Vol. V. No. 18. Burlington, Iowa, December 7, 1843. NS. No. 28.
Letter from Gen. Bennett.
The following was received several weeks since, during our absence. We now lay it before our readers, as we believe many of them are interested in every thing pertaining to the Mormons. Gen. B. it will be recollected, once belonged to that sect, and published a book in exposition of their doctrines and practices. We of course assume none of the responsibility of the statements contained in this letter; but give it as we received it.
Vol. V. No. 35. Burlington, Iowa, January 25, 1844. NS. No. 45.
The Warsaw Message of the 10th says, there was a great excitement at Carthage, on the 6th, "in consequence of the arrest of a citizen of that place by a possee of Mormons from Nauvoo, on a charge of basterdy." The citizens of C., would not permit the man to be taken to Nauvoo for trial. There was a great commotion but no blood shed.
Vol. V. No. 37. Burlington, Iowa, February 8, 1844. NS. No. 47.
The Warsaw Message contains a most curious document from Smith, purporting to be an appeal to the Green Mountain Boys to come and assist him in subduing the Missourians. It is the most bombastic affair we have ever seen. He appeals to them on account of his having been born in Vermont, and urges them to do all sorts of things to avenge his wrongs. We will endeavor to give some extracts in our next.
Vol. III -- No. 30. Fort Madison, I. T., February 10, 1844. Whole No. 134.
There appears to be a great deal of hatred an animosity existing between the Carthegeneans and the "Latter Day Saints," which will, if not soon quelled, break out in a general rupture and cause some blood to be shed. A threat has been made by the latter to fire the town and lay it in ashes, while that of the former at their meeting passed strong and war-like resolutions to repel all attacks that may be made.
Vol. V. No. 38. Burlington, Iowa, February 15, 1844. NS. No. 48.
Below we give copious extracts from Jo Smith's Appeal to the Green Mountain Boys. In addition, we have seen something of a piece with this in the shape of a correspondence between Mr. Calhoun and 'Jo.' The letter, in a brief epistle to Mr. Calhoun, enquires what Mr. C's course would be towards the Mormons, in the event he is elected to the Presidency.
Vol. III. - No. 33. Fort Madison, I. T., March 2, 1844. Whole No. 137.
Another candidate for the Presidency has entered the field. This important personage is the Prophet of the "Latter Day Saintsm" Gen. Joseph Smith. We have not learnt whether he intends to submit his claims to a National Convention, or whether he will run upon his own hook. We jusge from the marks of his own organ, that he considers himself a dull team for the whole of them.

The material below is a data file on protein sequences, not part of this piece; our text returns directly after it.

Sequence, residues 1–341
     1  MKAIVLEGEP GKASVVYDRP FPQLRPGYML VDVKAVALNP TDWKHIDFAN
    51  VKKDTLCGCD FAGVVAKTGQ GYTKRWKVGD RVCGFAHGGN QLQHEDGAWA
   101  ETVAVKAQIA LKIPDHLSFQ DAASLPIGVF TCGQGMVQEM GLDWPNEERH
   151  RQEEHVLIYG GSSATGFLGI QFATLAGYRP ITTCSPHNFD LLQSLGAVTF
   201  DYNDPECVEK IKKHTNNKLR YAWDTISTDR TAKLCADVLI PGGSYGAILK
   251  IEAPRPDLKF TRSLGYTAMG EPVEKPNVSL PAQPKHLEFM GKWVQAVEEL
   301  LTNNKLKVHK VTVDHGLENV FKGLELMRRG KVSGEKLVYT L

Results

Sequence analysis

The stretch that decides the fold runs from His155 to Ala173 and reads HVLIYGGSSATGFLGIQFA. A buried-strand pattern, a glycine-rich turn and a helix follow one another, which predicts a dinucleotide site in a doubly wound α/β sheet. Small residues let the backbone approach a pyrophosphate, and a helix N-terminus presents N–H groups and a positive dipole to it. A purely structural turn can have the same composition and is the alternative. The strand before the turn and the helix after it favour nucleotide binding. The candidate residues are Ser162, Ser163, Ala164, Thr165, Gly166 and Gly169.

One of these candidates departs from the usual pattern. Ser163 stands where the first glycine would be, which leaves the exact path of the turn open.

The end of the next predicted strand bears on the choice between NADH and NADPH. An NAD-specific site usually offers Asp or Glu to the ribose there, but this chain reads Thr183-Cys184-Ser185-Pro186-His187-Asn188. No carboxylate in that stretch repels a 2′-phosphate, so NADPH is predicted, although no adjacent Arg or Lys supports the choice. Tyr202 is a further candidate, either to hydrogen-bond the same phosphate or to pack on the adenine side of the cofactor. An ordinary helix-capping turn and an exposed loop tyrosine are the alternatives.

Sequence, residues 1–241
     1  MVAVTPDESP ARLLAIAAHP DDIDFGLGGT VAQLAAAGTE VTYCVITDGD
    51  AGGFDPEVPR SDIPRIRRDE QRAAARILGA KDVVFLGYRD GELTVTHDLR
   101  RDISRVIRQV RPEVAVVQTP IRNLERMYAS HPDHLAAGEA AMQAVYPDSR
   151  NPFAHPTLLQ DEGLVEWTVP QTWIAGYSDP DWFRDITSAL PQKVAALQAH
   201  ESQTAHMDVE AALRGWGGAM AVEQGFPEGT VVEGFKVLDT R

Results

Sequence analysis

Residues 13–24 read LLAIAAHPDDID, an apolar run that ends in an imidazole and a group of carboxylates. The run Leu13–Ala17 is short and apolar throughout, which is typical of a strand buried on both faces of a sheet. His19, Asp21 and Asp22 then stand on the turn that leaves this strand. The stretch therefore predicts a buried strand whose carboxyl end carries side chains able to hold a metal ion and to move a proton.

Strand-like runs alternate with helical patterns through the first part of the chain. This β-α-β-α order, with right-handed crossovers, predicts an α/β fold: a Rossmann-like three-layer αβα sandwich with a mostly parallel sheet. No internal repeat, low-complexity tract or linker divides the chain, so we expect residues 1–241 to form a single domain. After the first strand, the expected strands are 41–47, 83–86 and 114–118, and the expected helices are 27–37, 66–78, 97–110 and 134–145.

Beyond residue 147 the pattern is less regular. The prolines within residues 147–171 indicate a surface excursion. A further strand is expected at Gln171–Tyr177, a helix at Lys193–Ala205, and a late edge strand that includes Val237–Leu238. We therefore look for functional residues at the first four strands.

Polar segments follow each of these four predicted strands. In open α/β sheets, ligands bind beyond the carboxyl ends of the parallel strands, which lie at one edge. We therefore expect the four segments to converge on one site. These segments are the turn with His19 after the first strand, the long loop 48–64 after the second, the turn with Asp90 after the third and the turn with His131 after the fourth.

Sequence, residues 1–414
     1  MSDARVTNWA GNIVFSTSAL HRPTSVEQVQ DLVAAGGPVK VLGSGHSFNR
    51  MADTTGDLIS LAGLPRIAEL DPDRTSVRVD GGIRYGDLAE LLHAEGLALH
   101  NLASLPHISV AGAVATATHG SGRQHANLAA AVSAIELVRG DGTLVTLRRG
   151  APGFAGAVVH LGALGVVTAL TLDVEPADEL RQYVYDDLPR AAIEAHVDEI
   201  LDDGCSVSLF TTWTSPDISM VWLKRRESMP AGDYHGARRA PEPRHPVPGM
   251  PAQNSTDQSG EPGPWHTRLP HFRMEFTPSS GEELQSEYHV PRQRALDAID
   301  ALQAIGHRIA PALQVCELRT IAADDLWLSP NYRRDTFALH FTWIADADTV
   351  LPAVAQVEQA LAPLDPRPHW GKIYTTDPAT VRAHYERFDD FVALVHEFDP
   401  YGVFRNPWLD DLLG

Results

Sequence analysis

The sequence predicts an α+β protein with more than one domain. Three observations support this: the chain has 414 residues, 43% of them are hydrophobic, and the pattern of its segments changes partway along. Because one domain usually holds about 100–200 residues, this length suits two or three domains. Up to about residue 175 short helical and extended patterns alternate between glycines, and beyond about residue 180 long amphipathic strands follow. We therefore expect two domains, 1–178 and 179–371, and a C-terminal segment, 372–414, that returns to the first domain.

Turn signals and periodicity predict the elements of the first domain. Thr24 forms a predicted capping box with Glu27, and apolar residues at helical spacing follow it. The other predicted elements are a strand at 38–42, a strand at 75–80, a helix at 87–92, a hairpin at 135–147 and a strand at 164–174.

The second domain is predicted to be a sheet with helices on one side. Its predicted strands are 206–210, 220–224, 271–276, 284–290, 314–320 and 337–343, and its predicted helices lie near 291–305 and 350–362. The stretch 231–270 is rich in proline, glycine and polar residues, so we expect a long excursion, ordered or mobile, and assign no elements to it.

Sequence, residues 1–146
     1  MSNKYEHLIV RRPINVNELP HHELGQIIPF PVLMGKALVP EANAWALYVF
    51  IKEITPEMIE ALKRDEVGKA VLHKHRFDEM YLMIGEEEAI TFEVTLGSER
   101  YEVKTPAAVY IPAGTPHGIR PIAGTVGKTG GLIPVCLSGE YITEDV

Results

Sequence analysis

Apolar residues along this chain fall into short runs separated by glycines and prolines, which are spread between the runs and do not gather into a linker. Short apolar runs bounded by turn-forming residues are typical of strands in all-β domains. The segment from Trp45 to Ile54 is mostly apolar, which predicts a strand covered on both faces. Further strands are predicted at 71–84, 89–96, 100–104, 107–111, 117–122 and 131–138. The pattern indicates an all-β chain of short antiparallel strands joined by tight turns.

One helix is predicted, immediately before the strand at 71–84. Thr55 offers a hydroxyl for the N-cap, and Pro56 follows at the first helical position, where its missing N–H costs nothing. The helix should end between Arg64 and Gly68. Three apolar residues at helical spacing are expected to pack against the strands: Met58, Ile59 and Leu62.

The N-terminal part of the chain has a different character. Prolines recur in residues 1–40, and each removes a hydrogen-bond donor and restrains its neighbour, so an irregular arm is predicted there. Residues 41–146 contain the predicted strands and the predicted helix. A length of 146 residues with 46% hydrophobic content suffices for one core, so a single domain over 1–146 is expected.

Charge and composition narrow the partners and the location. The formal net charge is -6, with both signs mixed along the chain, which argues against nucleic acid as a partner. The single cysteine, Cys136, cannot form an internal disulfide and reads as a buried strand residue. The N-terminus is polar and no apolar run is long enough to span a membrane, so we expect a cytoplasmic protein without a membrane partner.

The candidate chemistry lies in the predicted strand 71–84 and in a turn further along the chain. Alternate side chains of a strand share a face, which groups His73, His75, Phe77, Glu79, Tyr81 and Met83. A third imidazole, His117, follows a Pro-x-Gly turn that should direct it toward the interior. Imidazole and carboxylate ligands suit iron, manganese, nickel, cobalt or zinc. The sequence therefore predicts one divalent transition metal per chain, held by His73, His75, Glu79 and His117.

Vol. III. - No. 35. Fort Madison, I. T., March 16, 1844. Whole No. 139.
"The Latter Day Saints" are determined to make an effort to complete their Temple this summer. The last "Nauvoo Neighbor" says: "It is in contemplation to devote all our energies to the completion of the Temple this season, and to let the Nauvoo House stand until the Temple is finished. By a unity of efforts, it is expected that the roof can be got on by next fall, and the building be enclosed." At the head of its columns stands in bold relief the name of GEN. JOSEPH SMITH, for President, and Gen. JAMES A. BENNETT, of New York, for Vice-President.
Vol. III. - No. 41. Fort Madison, I. T., April 27, 1844. Whole No. 145.
We find the following scrap of Mormon news in the Mo. Republican, of the 22d inst. "We see it stated, that the Mormon Prophet Jo Smith has turned his wife out of doors for being in conversation with a gentleman of the sect, which she hesitated or refused to disclose. It was understood yesterday, that she had arrived in this city."
Vol. V. Burlington, Iowa, May 2, 1844. No. 49.
The Presidency -- Gen. Jo. Smith.
The Nauvoo Neighbor of last Wednesday contains the following, by which we learn that the Mormons feel quite sanguine of doing something in the Presidential way after all
Vol. III. - No. 42. Fort Madison, I. T., May 4, 1844. Whole No. 146.
Exposure of Mormonism -- Great row in Boston. -- An unusual crowd assembled at Marlboro Chapel, Boston, on the evening of the 27 ult. to hear Mr. John Dennett, (wonder if it shouldn't read Bennett?) upon the subject of Mormonism. A number of Mormons attended, and evinced a strong desire to break up the meeting, even before the exercises commenced. It seems that while Mr. Dennett (or Bennett) was among the Mormons he unfortunately formed acquaintance with a female Mormon, by which he was led into a lamentable mishap, and was expelled by them. Of this sin he has since, he says, repented, but declares that the Mormons being guilty of the same offence, should not have cast the first stone at him. Whilst engaged in his discourse, he was assailed from every direction with rotten eggs, Chinese crackers, and a variety of other offensive missiles, A cessation of firing took place, and the crowd demanded a song. He complied and gave them two or three verses of 'Rory O'Morre,' but it failed to please the crowd, and the battery of rotten eggs was again opened upon the unfortunate orator, who stood it as long as possible but was at last obliged to fly, which he did, with the whole mob at his heals. -- Gaz.
Vol. 7. Burlington, Iowa, May 25, 1844. No. 46.
A PETITION from Joe Smith, praying Congress to allow him to raise a company of volunteers, for the protection of emigrants to the unsettled territories of the United States, was presented in the House by Mr. Semple of Illinois, on the 6th.
Vol. III. - No. 45. Fort Madison, I. T., May 25, 1844. Whole No. 149.